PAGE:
Czech fourth seed Karolina Pliskova swept past Britain’s Johanna Konta 6-3, 6-4 to win the WTA Italian Open on Sunday. Pliskova, the 2017 French Open semi-finalist, clinched her 13th career title, in the final major warm-up tournament on clay before Roland Garros starts on May 26.
A break in each set was enough for former world number one Pliskova to get past Konta, sealing victory on her third match point after 85 minutes on court. “It was a great week for me and my team,” said the 27-year-old, now coached by former Rome champion Conchita Martinez.
“There were a couple of tough matches so I was happy to fight through them. I was a little bit nervous today, but it was the final in Rome, so that’s to be expected.”
Top seeds Naomi Osaka and Petra Kvitova pulled out injured during the event, while Roland Garros champion Simona Halep crashed out in her opening match in Italy. Four-time Rome winner Serena Williams also withdrew before the second round as her return after a two-month layoff was cut short when her knee injury flared up.
Pliskova, the highest remaining seed, got an early break in the final and swept 3-0 up in just eight minutes on the red clay of the Foro Italico. A double fault when serving for the set handed Konta a break point but the British no 1 squandered the chance with a smash into the net with the entire court open to her.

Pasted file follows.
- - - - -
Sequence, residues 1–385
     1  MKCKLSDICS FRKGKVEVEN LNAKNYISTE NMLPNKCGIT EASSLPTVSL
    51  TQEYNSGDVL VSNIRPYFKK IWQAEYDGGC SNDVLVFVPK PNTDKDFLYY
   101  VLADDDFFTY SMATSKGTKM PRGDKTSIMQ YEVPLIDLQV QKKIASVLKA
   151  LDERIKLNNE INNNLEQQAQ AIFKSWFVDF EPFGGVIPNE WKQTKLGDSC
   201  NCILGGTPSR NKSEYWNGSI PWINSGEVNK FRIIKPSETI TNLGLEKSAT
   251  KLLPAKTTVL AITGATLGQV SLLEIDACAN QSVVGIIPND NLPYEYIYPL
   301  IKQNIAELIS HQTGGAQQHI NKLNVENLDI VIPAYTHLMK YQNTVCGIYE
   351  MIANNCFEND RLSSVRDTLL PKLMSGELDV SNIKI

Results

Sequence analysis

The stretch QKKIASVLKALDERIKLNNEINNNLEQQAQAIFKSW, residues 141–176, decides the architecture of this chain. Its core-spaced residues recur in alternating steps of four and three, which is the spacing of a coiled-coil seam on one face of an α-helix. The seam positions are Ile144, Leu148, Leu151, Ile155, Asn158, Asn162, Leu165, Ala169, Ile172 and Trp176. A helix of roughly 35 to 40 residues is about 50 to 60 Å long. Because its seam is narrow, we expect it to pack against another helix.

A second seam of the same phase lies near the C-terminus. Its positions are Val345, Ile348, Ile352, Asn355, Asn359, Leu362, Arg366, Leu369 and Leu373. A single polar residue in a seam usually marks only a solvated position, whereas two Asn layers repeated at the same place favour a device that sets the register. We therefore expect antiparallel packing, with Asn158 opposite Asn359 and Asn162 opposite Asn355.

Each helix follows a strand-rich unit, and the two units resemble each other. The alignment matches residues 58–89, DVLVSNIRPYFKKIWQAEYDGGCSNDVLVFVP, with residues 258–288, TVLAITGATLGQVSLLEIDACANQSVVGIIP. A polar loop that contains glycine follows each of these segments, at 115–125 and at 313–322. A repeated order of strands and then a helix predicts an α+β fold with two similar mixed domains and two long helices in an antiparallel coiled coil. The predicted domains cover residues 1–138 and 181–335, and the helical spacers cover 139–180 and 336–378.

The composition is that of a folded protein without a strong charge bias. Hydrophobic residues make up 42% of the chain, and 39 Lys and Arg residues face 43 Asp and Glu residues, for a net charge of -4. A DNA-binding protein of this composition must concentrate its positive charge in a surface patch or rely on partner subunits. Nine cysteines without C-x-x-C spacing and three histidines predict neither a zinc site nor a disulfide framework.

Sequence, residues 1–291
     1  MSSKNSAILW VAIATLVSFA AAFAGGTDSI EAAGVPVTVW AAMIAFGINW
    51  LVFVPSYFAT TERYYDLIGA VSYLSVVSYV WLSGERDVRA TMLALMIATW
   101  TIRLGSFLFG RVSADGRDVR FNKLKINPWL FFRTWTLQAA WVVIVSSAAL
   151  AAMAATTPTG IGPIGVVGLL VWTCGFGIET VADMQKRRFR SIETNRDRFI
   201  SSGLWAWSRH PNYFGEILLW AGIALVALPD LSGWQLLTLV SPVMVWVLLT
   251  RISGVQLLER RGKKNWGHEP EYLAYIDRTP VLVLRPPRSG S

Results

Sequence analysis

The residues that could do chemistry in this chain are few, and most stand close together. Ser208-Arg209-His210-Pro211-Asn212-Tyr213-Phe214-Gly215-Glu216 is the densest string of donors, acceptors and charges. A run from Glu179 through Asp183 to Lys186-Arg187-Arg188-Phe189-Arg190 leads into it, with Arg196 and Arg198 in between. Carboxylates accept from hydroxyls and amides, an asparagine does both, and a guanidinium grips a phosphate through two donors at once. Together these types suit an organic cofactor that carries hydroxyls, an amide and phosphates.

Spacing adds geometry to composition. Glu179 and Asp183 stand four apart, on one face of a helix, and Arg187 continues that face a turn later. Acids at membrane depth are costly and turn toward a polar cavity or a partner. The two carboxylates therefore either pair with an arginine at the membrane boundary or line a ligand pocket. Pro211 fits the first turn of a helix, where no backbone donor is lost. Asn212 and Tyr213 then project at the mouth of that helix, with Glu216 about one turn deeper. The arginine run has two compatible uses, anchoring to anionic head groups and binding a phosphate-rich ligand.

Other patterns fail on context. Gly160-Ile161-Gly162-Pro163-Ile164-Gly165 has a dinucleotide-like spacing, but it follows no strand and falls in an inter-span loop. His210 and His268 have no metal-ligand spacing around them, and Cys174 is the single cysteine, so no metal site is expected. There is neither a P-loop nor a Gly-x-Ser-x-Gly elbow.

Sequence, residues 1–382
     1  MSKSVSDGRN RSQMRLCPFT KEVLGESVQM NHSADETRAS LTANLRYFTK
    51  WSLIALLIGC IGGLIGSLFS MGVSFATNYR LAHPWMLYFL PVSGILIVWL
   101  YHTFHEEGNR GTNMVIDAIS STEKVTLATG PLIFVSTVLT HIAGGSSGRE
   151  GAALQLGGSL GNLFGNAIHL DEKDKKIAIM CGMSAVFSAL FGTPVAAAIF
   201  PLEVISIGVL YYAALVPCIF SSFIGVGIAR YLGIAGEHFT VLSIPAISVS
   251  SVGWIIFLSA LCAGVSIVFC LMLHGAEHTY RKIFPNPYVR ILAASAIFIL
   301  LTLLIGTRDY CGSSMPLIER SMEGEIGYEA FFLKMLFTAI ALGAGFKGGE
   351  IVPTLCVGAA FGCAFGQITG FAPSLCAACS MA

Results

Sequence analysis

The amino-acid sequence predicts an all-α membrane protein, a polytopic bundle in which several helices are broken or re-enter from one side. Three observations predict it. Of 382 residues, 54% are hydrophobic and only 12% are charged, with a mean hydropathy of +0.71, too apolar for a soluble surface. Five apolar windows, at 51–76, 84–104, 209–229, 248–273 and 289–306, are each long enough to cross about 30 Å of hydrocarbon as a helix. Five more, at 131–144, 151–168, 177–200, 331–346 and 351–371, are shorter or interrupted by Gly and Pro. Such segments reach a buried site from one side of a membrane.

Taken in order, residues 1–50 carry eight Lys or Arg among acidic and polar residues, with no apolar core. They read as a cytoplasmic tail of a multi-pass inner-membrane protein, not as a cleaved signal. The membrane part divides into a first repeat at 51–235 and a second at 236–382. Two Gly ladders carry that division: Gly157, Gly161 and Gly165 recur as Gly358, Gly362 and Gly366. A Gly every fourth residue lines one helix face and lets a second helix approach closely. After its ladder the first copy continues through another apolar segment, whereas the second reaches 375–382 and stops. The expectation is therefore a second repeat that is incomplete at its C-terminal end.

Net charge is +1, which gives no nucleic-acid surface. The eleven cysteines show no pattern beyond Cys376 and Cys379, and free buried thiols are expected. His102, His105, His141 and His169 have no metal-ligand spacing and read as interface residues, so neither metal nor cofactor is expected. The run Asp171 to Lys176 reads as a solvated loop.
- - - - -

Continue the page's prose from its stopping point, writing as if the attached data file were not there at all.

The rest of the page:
Konta then hit a weak forehand shot into the tape and the ball bounced wide, allowing Pliskova to wrap up the first set in 36 minutes.
Pliskova broke in the seventh game of the second set, despite Konta saving two break points, with the Czech number world number seven powering through for the biggest title of her career since Cincinnati in 2016.
She becomes the first Czech woman to win the Rome tournament since Regina Marsikova in 1978. In the men’s competition, world number one Djokovic – winner at the Madrid Open last weekend – will meet defending champion and eight-time winner Rafael Nadal.
It will be the 54th clash between the world’s top two men’s players who have won 12 of the last 14 Rome titles between them.